Moving to main topic, U.S. National Sarracenia Collection
Moving to main topic, U.S. National Sarracenia Collection
Phillip J. Crane
"Sarracenia are rapidly disappearing from the wild. Currently, three of the ten species are listed as federally endangered and protected by federal law and state laws. In many states, the remaining species are also protected and considered threatened. In some states, populations of particular species are limited to single sites."
Then WHY are they disappearing. It seems the states don not enforce the laws or preservation quite well at all.
Nepenthes - hail to royalty
I don't believe it's all the state's fault there are only so many USFW Reps. that can be employed with in budget restraints.Short of putting up constantina wire and armed guards,they seem to be very limited to what they can do.This is where we come in. We are limited only by our dedication!
I always suspect everything is a trap....thats why I'm still alive
* * * * * * *
Times fun when you're having flys
If I can play devil's advocate:
While the goal of preserving Sarracenia is excellent, I'm not sure that a National Collection is the best way to do it. *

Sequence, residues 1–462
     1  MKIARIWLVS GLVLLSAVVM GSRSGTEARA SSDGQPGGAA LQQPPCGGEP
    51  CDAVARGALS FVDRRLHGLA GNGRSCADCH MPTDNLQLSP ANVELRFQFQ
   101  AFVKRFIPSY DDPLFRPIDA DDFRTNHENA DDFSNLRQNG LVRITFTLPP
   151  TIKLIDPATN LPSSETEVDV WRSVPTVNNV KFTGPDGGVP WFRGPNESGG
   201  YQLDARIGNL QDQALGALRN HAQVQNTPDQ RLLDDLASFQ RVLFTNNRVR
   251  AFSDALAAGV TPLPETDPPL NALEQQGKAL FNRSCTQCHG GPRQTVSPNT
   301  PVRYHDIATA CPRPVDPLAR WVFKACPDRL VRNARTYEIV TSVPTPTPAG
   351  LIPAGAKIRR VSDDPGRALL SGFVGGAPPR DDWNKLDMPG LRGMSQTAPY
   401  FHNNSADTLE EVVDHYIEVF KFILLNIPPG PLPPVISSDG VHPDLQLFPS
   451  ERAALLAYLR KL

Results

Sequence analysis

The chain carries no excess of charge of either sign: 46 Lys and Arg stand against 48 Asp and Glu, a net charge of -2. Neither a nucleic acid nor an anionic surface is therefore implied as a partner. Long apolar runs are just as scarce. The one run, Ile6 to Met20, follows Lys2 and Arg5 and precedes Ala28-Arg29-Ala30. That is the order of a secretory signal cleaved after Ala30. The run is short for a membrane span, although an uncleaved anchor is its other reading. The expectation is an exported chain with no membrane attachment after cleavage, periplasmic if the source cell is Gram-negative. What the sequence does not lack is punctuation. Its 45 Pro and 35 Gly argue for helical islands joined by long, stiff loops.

Large collections are expensive and vulnerable: *Funds run out. *Caretakers become sick or die. *Viruses spread among plants. *Storms can destroy plants. *Thieves or vandals can strike. *Greenhouses burn down or freeze. *
The record of ex-situ conservation is not good. *Look at the great Victorian collections of Nepenthes and orchids. *They were mostly gone in less than 100 years. The old clones that did survive were the ones that were widely distributed.
So, to maintain plants in cultivation, distribution is vital. *A seedbank and studbook would be much less expensive if it were not linked to a national collection. Does everyone carefully pollinate their plants and distribute them to the ICPS seedbank? *If so, the only innovation required is a studbook. *Participants could list their plants and contact information. *That would facilitate the trading of pollen and help preserve as much genetic diversity as possible. *There's no need for any one collection to contain all the varieties, but hopefully each variety would eventually be distributed to more than one grower. *Money that would have been spent on maintaining a national collection could be donated to organizations like the Nature Conservancy that purchase land.
In the long term, I suspect that attempting to maintain geographically pure plants in cultivation is doomed to failure. *The risk of virus from prologed cultivation and frequent vegetative division is high. *Just ask the orchid growers. *Ex-situ conservation should focus on growing from seed ,frequent outcrossing, and propagation of horticulturally interesting plants to alleviate pressure on the remaining wild populations.